5. Mass Media and History

5.1 Introduction to Mass Media

Mass Media contains two words. ‘Mass’ in this context means an aggregation of people. ‘Media’ means various modes of communication. Thus, mass media is a field of mass communication. We can easily send some information to a far away destination through a medium of communication. In the olden days, a crier would run in the streets beating drums and crying out important news according to the orders of the king. The news would spread among people by word of mouth.

5.2 History of Mass Media

Printing technology and newspapers were introduced in India after the arrival of the British. People started receiving printed news through newspapers. Newspapers became the first mass medium of circulating information and knowledge among people.

Newspapers : ‘Newspaper’ is a publication, which mainly prints news, editorials, people’s opinions, entertaining or other supplementary content. It is printed and distributed regularly at a definite time.

Newspapers provide various local, national and international news. Newspapers are historical documents, which record current events.

Precursors of Newspapers : Before the beginning of the common era there was a custom in Egypt of placing inscriptions with royal decrees at public place. Emperor Asoka also resorted to similar method to reach out to his subjects. In the Roman Empire, royal decrees were written on papers and those were distributed in all regions. They also contained the information of various events taking place in the nation and its capital. During Julius Caesar’s reign newspapers known as Acta Diurna, meaning acts of everyday, used to be placed, at public places in Rome. It was a very effective way of conveying royal commands to people. In the 7th century C.E. royal dictates were distributed among people at public places. In England handouts used to be distributed occasionally, giving information about wars or important events. Travellers arriving from faraway would add spice to stories from those places and narrate it to local people. The ambassadors of a king posted at various places would send back important news to the royal court.

‘Bengal Gazette’ : The first English newspaper of India was printed on 29th January 1780. It was named as ‘Calcutta General Advertiser’ or ‘Bengal Gazette’. It was started by James Augustus Hickey, an Irish gentleman.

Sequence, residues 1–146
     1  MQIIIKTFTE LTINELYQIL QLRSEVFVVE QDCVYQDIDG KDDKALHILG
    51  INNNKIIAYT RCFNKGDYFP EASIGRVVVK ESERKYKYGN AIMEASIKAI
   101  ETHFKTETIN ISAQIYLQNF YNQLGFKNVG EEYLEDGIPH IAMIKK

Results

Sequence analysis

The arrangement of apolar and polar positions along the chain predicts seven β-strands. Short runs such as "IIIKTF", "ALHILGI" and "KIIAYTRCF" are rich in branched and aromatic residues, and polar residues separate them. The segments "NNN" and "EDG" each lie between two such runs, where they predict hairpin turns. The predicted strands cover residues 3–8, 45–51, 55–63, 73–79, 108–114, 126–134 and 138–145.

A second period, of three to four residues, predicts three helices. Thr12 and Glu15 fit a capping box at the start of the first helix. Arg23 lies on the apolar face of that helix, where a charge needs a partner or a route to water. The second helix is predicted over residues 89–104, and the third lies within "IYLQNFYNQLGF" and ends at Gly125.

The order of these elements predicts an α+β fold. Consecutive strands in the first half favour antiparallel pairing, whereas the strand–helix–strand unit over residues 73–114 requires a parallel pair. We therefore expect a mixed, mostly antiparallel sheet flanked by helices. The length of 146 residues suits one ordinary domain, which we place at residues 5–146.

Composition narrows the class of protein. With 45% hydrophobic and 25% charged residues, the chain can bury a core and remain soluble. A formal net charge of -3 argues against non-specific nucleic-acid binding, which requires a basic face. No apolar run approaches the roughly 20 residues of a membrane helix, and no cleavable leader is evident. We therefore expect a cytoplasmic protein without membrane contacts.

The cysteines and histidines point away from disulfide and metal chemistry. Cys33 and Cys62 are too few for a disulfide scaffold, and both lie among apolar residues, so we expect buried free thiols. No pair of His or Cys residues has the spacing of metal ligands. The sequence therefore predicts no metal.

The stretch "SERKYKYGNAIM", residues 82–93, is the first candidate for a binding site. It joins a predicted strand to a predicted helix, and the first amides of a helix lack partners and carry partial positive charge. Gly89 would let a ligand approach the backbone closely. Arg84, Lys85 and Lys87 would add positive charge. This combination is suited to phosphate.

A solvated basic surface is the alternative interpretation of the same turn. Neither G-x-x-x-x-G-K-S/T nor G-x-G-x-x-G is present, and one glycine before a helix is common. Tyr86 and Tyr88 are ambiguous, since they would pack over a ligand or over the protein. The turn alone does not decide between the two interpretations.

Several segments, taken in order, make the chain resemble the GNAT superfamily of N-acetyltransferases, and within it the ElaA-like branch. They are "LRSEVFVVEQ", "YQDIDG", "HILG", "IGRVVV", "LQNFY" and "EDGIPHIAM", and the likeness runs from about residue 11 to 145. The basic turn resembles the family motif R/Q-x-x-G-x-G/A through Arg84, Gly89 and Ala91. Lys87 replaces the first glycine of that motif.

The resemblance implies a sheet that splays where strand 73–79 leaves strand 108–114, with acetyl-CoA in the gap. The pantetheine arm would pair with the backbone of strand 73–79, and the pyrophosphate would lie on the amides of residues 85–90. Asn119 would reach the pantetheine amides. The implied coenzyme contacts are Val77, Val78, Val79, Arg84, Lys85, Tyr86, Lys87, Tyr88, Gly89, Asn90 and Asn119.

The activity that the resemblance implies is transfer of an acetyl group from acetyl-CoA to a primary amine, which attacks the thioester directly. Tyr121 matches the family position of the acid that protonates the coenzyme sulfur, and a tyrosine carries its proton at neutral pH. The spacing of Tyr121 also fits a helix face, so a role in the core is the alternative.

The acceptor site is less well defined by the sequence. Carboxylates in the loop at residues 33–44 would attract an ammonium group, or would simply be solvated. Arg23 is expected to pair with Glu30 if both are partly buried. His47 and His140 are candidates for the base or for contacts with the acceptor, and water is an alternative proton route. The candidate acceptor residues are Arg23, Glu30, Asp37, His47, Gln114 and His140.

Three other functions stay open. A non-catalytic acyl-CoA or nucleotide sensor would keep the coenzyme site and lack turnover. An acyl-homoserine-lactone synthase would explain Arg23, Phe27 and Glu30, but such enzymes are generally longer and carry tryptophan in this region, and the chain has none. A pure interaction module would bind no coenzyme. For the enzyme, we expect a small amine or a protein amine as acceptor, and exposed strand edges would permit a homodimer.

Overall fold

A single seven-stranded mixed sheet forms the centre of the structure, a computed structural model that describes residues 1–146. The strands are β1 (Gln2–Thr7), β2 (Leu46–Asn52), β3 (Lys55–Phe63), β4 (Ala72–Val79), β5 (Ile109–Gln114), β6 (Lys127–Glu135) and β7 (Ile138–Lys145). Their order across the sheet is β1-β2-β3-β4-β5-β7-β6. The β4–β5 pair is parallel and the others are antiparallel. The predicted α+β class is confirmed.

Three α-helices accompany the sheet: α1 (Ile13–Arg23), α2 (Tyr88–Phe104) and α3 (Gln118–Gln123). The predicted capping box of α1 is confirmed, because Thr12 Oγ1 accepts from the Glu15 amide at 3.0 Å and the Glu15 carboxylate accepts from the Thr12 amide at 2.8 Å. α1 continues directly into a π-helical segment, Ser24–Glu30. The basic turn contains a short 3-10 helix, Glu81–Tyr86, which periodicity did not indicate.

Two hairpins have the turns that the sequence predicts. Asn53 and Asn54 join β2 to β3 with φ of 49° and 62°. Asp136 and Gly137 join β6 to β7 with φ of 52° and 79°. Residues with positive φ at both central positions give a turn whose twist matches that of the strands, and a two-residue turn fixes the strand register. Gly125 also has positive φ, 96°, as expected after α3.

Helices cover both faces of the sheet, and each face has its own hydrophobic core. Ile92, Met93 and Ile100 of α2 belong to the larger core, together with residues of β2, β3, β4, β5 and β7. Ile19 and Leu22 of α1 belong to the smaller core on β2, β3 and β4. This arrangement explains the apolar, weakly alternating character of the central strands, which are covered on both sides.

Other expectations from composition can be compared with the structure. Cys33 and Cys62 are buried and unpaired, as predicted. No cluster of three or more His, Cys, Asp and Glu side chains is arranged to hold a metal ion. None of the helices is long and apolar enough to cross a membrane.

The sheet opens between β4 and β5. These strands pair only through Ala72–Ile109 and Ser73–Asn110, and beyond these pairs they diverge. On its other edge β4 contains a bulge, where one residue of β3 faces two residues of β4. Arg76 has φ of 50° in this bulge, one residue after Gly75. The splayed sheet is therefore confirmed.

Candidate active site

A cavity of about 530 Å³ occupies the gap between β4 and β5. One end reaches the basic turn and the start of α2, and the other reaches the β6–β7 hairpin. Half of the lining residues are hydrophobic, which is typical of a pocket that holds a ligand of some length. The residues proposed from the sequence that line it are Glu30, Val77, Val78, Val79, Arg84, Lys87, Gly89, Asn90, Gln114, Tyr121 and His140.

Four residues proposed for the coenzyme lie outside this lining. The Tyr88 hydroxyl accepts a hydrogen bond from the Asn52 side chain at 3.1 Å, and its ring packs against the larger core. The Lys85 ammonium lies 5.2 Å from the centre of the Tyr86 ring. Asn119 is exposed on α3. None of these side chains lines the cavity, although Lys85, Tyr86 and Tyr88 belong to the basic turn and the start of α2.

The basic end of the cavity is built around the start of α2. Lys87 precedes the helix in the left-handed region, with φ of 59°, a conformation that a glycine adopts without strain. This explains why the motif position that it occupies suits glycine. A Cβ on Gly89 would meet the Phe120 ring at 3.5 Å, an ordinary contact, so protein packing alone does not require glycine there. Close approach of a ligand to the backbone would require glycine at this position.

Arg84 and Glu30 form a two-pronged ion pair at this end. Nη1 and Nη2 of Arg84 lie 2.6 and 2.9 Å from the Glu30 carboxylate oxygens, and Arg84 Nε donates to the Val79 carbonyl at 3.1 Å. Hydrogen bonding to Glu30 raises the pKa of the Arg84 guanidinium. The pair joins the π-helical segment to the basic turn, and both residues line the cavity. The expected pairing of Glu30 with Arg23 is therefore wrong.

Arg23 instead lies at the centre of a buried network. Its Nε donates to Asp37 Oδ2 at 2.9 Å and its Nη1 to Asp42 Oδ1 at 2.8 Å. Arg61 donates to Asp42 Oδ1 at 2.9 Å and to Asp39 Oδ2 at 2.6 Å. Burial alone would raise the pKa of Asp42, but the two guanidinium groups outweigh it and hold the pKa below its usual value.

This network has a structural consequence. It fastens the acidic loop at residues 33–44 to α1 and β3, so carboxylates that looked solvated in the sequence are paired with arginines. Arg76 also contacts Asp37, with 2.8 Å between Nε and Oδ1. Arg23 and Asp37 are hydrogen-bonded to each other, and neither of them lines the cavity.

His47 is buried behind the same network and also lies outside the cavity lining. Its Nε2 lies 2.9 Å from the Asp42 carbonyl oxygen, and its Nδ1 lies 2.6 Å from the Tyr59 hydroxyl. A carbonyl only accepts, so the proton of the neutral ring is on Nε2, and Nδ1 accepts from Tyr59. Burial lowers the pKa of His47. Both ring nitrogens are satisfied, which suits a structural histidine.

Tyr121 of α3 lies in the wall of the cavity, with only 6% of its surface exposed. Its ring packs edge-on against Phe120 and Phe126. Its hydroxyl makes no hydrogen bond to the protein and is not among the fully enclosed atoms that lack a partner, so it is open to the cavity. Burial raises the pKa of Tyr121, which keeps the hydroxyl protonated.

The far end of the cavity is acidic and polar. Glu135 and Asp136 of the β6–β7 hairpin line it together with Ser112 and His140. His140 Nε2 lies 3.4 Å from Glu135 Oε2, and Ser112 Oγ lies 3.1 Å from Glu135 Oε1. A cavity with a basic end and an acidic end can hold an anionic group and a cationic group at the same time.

‘Darpan’ : The newspaper, ‘Darpan’ was started in 1832 in Mumbai. Balshastri Jambhekar was the editor of Darpan.

The news printed in Darpan can be reviewed to know about the political, economic, social and cultural events of those times. Here are a few news titles as examples : (1) The Accounts of Expenditure from the Three Administrative Divisions of the East India Company (2) The Danger of Russian Attack on the Nation (3) Appointment of a Committee for Cleanliness of the City (4) Remarriage of Hindu Widows (5) The Inception of Theatre at Calcutta (6) Achievements of Raja Ram Mohan Roy in England. Reporting of such news throws light on various historical events of those days.

‘Prabhakar’ : This newspaper was started by Bhau Mahajan. The history of French revolution and ‘Shatpatre’, the letters by Lokhitvadi (Gopal Hari Deshmukh) aimed at creating social awareness, were published in this newspaper.

‘Dnyanoday’ : ‘Dnyanoday’ printed the map of Asia in 1842 and the map of Europe in 1851. The honour of printing an illustration in an Indian newspaper for the first time, goes to Dnyanoday. The news of installation of telegraph, used for electrically transmitting a news can be seen in Dnyanoday. The news of the starting of railways in India was printed in Dnyanoday under the title, Chakya Mhasoba meaning ‘Mhasoba with wheels’. It had also printed the news of the Indian war of Independence of 1857.

Newspapers, in those times were a very important medium of creating social awareness. A newspaper named ‘Induprakash’ supported widow remarriage in a big way. ‘Deenbandhu’, a newspaper representing the masses of the Indian society (Bahujansamaj), was started by Mahatma Jyotirao Phule’s close associate, Krishnarao Bhalekar. We get to know about the issues relating to the masses through this newspaper.

‘Kesari’ and ‘Maratha’ : ‘Kesari’ and ‘Maratha’, the two newspapers are indicative of an important stage in the history of Indian newspapers before independence. Gopal Ganesh Agarkar and Bal Gangandhar Tilak started these papers in 1881. They spoke about the social and political issues of that period. Kesari began to publish articles about the nationwide situations, books in the native languages and the politics in England.

In the 21st century newspapers have continued to fulfil an important role. It was acknowledged the fourth column of democracy.

Magazines and Journals : Magazines and Journals are periodical publications. This category includes publications, which are weekly, biweekly, monthly, bimonthly, quarterly, six monthly, annual, etc. There may be some chronicles which are published at no fixed time.

Balshastri Jambhekar started the first monthly magazine in Marathi. It was named, ‘Digdarshan’. Among the periodicals ‘Pragati’, now a defunct journal, was started (1929) and edited by Tryambak Shankar Shejwalkar. He worte regularly in this historiographical journal of Maharashtra’s history and social movements.

Currently there are many periodicals devoted to Indian history. Marathi journals such as ‘Bharatiya Itihas ani Samskruti’ and ‘Marathwada Itihas Parishad Patrika’ may be cited as examples.

Electronic or Digital Journalism : These are ultra-modern periodicals form a part of Electronic of Digital journalism. History is a prime subject of interest for these periodicals as well. Many web news portals, social media, web channels, ‘You Tube’, etc. make historical content available to the audience /readers.